# Transmission Line derivation

1. Sep 24, 2011

### yayscience

Eqn. (2.1)
$$\frac{\partial v}{\partial z} = -L \frac{\partial i}{\partial t}$$
Eqn. (2.2)
$$\frac{\partial i}{\partial z} = -C \frac{\partial v}{\partial t}$$
Eqn. (2.5)
$$v(z,t)=V^+f(t-\frac{z}{v_p})+V^-f(t+\frac{z}{v_p})$$

"By substituting Equation (2.5) into Equations (2.1) and (2.2), we
determine that the current has the form:"
$$i(z,t)=\frac{V^+}{Z_0}f(t-\frac{z}{v_p})+\frac{V^-}{Z_0}f(t+\frac{z}{v_p})$$

So, I've seen this derivation about four different ways, and I know this is the result, but I can't see what moves I need to substitute 2.5 into 2.1 and 2.2 to get 2.5. Can someone please enlighten me? Thanks all!

2. Sep 25, 2011

### uart

Just some preliminaries first. If you differentiate 2.1 wrt "t" and 2.2 wrt "z" (and then repeat the other way around) you get the following second order PDE's.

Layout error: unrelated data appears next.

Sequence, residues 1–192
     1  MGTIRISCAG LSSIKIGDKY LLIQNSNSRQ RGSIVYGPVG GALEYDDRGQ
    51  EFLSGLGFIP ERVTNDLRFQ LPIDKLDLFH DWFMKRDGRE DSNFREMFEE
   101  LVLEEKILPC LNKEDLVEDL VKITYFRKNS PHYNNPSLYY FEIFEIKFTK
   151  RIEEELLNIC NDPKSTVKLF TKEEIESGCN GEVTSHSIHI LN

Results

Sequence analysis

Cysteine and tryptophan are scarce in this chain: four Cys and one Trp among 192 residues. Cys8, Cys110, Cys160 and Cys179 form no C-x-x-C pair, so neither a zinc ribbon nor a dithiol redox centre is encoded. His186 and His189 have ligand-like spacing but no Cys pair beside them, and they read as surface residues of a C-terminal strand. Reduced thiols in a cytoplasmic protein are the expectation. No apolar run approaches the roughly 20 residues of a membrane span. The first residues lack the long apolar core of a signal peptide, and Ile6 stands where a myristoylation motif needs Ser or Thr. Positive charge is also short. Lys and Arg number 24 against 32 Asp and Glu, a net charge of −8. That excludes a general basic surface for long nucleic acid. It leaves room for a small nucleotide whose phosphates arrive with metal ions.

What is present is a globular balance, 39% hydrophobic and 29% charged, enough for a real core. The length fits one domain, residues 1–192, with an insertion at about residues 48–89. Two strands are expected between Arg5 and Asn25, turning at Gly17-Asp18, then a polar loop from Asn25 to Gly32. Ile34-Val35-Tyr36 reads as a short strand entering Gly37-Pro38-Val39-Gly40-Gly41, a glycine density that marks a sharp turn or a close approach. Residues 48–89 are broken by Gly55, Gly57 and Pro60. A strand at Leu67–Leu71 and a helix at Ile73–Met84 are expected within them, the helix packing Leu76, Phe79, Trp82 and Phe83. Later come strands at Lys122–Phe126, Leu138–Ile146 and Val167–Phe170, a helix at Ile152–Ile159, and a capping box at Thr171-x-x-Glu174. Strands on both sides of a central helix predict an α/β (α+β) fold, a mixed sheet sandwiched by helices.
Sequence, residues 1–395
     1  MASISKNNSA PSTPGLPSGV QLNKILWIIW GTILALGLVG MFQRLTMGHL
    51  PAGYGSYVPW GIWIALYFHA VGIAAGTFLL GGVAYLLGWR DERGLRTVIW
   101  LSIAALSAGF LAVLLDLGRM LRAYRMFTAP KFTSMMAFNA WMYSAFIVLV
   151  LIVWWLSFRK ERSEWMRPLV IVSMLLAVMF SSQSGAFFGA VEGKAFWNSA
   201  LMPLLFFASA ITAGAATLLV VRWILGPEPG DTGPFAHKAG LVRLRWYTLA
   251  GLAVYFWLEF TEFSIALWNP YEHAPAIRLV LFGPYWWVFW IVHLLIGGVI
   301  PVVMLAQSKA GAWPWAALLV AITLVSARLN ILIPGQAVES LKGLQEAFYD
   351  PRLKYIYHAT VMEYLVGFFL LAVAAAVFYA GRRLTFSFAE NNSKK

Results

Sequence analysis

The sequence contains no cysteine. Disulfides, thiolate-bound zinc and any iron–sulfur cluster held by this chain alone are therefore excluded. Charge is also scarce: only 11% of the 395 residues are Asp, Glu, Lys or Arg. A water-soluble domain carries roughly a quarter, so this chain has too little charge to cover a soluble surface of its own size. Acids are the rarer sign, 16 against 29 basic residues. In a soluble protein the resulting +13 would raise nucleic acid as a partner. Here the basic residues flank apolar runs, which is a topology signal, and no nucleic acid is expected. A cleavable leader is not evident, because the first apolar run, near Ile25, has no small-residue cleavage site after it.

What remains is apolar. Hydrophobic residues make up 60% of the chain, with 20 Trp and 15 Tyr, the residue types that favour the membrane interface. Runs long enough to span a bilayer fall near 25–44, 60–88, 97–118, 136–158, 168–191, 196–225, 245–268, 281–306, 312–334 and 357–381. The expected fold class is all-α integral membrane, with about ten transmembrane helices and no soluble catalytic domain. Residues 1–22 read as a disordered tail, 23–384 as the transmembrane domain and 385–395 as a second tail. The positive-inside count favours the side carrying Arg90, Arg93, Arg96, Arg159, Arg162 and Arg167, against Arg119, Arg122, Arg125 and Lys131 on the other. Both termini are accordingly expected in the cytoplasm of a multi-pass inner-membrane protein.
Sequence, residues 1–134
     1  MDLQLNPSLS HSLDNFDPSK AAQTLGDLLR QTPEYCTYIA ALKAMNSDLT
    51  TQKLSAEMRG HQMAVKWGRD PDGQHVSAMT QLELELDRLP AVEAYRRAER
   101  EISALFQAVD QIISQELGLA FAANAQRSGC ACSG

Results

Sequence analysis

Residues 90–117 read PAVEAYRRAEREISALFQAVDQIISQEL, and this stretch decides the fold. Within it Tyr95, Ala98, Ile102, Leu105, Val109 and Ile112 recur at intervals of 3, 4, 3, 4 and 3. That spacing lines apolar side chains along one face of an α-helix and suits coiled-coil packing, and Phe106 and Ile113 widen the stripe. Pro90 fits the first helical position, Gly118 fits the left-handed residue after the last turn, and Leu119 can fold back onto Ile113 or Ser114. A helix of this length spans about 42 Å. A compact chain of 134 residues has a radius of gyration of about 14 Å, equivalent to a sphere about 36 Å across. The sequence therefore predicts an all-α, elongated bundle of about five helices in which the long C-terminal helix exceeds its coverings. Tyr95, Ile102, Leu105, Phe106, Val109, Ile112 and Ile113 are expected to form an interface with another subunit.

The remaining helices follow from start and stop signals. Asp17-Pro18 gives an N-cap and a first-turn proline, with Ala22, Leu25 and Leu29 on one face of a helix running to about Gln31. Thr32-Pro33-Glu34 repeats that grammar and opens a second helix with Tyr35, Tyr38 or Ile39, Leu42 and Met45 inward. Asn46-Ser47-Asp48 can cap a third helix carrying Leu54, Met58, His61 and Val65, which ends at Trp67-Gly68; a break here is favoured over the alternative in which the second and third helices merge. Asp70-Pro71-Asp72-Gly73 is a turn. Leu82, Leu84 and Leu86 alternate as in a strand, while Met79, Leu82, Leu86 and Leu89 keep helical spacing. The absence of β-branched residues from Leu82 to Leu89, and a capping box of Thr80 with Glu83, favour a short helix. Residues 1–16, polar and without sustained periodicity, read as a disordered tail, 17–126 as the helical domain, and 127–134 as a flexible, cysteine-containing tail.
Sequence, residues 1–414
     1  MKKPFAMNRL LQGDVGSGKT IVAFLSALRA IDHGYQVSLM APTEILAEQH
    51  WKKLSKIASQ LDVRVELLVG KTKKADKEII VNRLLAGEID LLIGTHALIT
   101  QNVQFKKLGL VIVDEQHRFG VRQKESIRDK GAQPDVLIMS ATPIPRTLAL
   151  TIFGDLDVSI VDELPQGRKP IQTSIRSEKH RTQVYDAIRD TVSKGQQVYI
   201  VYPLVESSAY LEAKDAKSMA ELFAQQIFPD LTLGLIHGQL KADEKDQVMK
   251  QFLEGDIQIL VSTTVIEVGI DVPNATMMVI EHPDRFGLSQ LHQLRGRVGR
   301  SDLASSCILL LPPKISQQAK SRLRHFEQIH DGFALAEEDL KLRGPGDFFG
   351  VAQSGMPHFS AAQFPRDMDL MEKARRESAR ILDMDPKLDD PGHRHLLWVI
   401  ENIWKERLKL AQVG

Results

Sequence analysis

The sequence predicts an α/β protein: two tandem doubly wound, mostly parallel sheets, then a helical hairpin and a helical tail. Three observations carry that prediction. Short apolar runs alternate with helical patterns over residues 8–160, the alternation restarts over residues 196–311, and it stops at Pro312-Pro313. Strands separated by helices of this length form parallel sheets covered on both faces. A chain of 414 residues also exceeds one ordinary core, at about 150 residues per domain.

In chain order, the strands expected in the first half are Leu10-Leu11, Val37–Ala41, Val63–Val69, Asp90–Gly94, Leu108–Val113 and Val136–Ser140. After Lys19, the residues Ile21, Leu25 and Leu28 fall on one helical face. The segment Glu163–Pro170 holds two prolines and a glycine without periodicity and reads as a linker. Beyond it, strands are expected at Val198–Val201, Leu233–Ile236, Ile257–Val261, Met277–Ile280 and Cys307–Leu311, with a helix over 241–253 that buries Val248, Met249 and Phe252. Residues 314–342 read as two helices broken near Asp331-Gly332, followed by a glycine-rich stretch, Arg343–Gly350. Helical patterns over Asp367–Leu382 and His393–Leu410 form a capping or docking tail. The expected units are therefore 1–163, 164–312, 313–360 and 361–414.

$$\frac{\partial^2 v}{\partial z^2} = L C \frac{\partial^2 v}{\partial t^2}$$

$$\frac{\partial^2 i}{\partial z^2} = L C \frac{\partial^2 i}{\partial t^2}$$

These separable PDE's give the motivation for the form given in 2.5 and tell us that the phase velocity is:

$$v_p = \frac{1}{\sqrt{L C}}$$

Since the above second order PDE's tell us that i(z,t) will be in the same form as v(z,t) we can therefore write:

$$i(z,t)=I^+ \, f(t-\frac{z}{v_p})+I^- \, f(t+\frac{z}{v_p})$$

By differentiating the above wrt "t" and differentiating 2.5 wrt "z" and substituting into 2.1 we can equate coefficients to show the following:

$$I+ = \frac{V^+}{L v_p} = \frac{V^+}{Z_0}$$

$$I- = - \frac{V^-}{L v_p} = - \frac{V^-}{Z_0}$$

Hope that helps.